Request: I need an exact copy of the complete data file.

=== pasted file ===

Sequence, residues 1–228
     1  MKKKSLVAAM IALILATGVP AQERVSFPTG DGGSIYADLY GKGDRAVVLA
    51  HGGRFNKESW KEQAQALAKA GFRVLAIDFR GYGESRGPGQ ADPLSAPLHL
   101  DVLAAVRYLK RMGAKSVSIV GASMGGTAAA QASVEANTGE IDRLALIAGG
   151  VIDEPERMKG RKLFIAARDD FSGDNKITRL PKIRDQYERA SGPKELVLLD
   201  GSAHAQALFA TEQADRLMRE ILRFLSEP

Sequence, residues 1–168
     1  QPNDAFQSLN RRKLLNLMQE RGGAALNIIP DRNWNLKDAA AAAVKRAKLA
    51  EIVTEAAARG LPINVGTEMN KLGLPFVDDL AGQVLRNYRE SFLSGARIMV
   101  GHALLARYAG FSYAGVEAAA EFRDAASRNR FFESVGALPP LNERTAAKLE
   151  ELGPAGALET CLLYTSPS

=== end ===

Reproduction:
Sequence, residues 1–228
     1  MKKKSLVAAM IALILATGVP AQERVSFPTG DGGSIYADLY GKGDRAVVLA
    51  HGGRFNKESW KEQAQALAKA GFRVLAIDFR GYGESRGPGQ ADPLSAPLHL
   101  DVLAAVRYLK RMGAKSVSIV GASMGGTAAA QASVEANTGE IDRLALIAGG
   151  VIDEPERMKG RKLFIAARDD FSGDNKITRL PKIRDQYERA SGPKELVLLD
   201  GSAHAQALFA TEQADRLMRE ILRFLSEP

Sequence, residues 1–168
     1  QPNDAFQSLN RRKLLNLMQE RGGAALNIIP DRNWNLKDAA AAAVKRAKLA
    51  EIVTEAAARG LPINVGTEMN KLGLPFVDDL AGQVLRNYRE SFLSGARIMV
   101  GHALLARYAG FSYAGVEAAA EFRDAASRNR FFESVGALPP LNERTAAKLE
   151  ELGPAGALET CLLYTSPS